At the same time, Hollywood liberals sometimes churn out products that conservatives love. Democratic donors Steven Spielberg and Tom Hanks produced “Saving Private Ryan” and the “Band of Brothers” miniseries that National Review hailed as part “a new tradition of ‘getting it right.’” Spielberg and Hanks, the conservative biweekly, claimed, were “excellent caretakers” of this tradition.
Ellen Hubbard would love to see more subtle fare at AFR. She says that she and her husband “debate every year whether to search for more mainstream films or stick with more overtly partisan material” but, “especially, in an election-year, our audience wants the red meat.”
Despite this insatiable hunger, AFR has grown slightly more circumspect since its founding. In 2004, screenings opened with the Pledge of Allegiance and almost every film was preceded by a montage of military photos urging the audience to support the troops. In the early days, the Hubbards raised most of their money from friends and family. Now AFR is Ellen’s fulltime vocation. As the organization has grown, it has found sponsors in the Drudge Report and the Heritage Foundation. And the recent box-office success of liberal documentaries by Al Gore, Michael Moore, and Errol Morris means that AFR is now full of right-leaning imitators.
“U.N. Me” takes an acid look at the United Nations, investigating the Oil for Food scandal, blunderous missteps during non-proliferation efforts, and the institution’s tragic interventions in Africa. The filmmakers had a difficult time making such stomach-turning material entertaining. A satirical section called “Peacekeepers Gone Wild,” in which UN troops are shown dancing with underage prostitutes in a Côte d’Ivoire brothel, is too disturbing to be funny.
Another offering, “Do As I Say,” a documentary based on Peter Schweitzer’s book about liberal hypocrisy, deftly skewers its subjects. We learn that Michael Moore owned Halliburton stocks at the same time he told lecture audiences not to buy stocks at all. Noam Chomsky benefited from Pentagon contracts for his linguistics work, yet compares that institution to the Third Reich. Hillary Clinton campaigned in 2008 against many of the same mortgage practices she and her partners profited from in Whitewater. But what is the purpose of this dreary parade? The effect is to induce a certain smugness and self-satisfied lack of curiosity. If Al Gore owns a big house and carbon offsets are a fraud, then there is no need to think about global warming.
“Blocking the Path to 9/11” is a well-executed documentary about the 2006 ABC miniseries based on the 9/11 Commission Report. Watching the film, those who had forgotten the controversy might have guessed that the series never aired. It did, but with confusing last-minute edits, done at the behest of the Clintons and ABC brass, to make Bubba’s administration look less culpable for failing to capture bin Laden.
The travails of a minseries may seem like a small subject for a feature-length documentary, but the film is decidedly watchable because it lifts the curtain on Hollywood’s players and turns around powerful themes: the struggles of an artist pursuing his vision, the pettiness of bureaucratic men, and the triumph of partisan politics over truth. The film makes much of former national security adviser Sandy Berger’s baffoonish antics at the National Archives, where he stuffed his pants with incriminating documents from the Clinton administration, later destroying them. The criminal, and criminally stupid, Berger is shown accusing the miniseries’ director of manipulating history for partisan purposes. The nerve!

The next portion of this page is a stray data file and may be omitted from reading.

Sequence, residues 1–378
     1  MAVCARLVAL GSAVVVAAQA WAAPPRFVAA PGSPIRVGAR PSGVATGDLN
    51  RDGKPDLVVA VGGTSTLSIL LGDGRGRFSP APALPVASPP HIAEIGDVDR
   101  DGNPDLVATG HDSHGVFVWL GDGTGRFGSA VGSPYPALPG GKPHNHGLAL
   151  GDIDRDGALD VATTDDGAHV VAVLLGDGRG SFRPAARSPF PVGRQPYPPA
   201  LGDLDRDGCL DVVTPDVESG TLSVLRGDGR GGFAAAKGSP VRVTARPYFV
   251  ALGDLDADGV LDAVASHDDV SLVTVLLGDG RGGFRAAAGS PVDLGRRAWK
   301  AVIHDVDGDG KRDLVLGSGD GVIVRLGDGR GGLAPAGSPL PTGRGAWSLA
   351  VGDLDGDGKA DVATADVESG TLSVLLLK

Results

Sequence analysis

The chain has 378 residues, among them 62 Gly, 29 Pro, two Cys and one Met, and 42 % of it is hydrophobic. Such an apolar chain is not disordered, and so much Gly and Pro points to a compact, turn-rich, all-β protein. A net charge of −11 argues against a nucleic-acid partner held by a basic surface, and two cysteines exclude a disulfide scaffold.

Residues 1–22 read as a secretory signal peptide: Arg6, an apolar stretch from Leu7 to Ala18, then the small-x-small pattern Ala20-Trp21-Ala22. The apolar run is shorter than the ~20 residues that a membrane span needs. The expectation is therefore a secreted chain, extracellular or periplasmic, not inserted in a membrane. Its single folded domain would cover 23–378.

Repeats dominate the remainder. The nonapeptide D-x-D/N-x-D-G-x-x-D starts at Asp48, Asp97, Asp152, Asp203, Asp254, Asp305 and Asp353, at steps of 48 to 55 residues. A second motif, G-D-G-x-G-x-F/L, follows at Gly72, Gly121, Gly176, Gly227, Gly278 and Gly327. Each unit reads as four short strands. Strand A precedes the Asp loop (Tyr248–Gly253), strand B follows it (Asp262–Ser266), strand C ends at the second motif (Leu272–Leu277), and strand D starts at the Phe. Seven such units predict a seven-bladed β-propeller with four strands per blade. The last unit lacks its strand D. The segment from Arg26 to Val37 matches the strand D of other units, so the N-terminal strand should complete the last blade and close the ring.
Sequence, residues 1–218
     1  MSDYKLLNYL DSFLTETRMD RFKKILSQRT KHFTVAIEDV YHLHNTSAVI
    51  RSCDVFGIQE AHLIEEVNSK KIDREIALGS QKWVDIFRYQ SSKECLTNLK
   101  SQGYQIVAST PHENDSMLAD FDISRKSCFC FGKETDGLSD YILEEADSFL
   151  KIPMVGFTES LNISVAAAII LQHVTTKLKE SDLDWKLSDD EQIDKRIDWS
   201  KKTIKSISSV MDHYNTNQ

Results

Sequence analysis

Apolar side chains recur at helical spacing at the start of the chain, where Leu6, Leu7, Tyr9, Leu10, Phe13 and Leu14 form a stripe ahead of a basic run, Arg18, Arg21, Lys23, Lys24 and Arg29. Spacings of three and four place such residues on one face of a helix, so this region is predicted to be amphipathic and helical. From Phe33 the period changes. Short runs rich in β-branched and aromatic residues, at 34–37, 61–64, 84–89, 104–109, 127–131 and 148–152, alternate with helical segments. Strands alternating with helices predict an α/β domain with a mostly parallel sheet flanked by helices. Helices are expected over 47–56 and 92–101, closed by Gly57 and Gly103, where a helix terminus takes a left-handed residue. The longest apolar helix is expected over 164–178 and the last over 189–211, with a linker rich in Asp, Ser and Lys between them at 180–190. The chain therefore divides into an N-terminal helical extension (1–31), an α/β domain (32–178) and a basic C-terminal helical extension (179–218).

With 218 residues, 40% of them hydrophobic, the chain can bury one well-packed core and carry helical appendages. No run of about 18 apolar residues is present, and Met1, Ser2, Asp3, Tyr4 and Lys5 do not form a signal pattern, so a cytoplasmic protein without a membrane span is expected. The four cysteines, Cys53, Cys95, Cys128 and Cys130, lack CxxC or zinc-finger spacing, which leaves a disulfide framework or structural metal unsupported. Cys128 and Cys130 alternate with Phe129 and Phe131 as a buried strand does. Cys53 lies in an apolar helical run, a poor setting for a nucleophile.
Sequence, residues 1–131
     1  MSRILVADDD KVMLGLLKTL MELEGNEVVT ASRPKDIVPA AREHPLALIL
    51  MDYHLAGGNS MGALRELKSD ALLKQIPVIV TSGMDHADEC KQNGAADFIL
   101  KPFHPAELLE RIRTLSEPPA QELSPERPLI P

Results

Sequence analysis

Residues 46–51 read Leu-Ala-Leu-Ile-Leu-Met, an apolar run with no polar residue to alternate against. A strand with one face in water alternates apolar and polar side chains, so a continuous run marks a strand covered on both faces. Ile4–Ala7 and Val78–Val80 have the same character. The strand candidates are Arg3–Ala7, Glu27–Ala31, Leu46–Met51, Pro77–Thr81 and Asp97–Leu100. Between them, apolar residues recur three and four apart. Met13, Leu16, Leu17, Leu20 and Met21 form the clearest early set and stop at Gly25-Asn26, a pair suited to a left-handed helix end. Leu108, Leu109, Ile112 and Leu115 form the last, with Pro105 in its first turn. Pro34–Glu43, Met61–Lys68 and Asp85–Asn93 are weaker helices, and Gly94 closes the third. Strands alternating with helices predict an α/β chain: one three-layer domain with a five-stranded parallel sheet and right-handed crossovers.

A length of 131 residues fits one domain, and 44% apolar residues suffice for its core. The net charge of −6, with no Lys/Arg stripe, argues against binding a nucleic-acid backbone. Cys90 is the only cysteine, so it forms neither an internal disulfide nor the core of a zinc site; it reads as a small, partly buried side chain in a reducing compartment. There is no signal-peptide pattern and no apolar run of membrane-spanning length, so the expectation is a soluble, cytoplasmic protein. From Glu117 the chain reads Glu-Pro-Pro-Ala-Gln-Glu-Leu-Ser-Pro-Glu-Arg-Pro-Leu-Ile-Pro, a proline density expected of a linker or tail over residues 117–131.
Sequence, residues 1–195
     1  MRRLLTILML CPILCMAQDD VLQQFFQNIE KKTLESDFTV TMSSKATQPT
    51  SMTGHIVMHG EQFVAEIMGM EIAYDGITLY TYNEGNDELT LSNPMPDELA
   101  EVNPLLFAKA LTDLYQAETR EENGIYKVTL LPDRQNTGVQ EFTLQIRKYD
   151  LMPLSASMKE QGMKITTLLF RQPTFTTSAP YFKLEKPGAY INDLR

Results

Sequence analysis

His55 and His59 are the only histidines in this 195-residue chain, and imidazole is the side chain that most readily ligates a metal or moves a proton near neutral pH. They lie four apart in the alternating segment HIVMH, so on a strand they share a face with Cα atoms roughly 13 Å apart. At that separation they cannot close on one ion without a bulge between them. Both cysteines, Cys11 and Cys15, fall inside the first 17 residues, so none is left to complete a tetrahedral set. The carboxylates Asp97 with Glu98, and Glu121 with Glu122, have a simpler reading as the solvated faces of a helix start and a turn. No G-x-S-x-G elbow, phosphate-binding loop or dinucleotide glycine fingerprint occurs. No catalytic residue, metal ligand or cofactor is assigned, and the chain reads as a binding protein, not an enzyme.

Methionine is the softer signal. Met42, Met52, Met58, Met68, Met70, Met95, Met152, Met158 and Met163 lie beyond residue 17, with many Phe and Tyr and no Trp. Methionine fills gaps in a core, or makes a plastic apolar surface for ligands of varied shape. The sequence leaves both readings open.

But it is here that we encounter the fundamental problem with AFR and many of its films. As “Blocking” moves into its final scenes, we are prepared for a stunning indictment of Washington and Hollywood. The audience anticipates that the documentary will champion the cause of artistic freedom and truth-telling. Instead we get a boring endorsement of the Republican Party. An assistant director on “The Path to 9/11” turns to the screen and says, “I considered myself liberal on most issues. But, after this, I really have a new perspective on who gets it—who gets the nature of our enemies.” Members of AFR’s audience murmured little “Amens” and nodded their heads.
At AFR, to hate Sandy Berger is to fall into the arms of Condi Rice. To despise Michael Moore is to cheer Bill O’Reilly. If Noam Chomsky is a hypocrite, then why criticize the Pentagon at all? AFR, instead of promoting American values, is trolling for votes. Its mission is high-toned and cultural, but its goals are transparently political. No wonder that after its first years in Dallas and Los Angeles, the festival seems to have found its permanent home in Washington, where Leadership Institute and Heritage interns can be marshaled to volunteer their efforts and their eyes.
It is no wonder that artists of a conservative bent like Tom Wolfe, Whit Stillman, and Mark Helprin have kept a formal distance from the conservative movement. The organized Right cannot stop itself from turning a popcorn flick into a pamphlet or a documentary into a screeching polemic. Freedom, rugged individualism, and the triumph of the human spirit? Sure. Just vote GOP.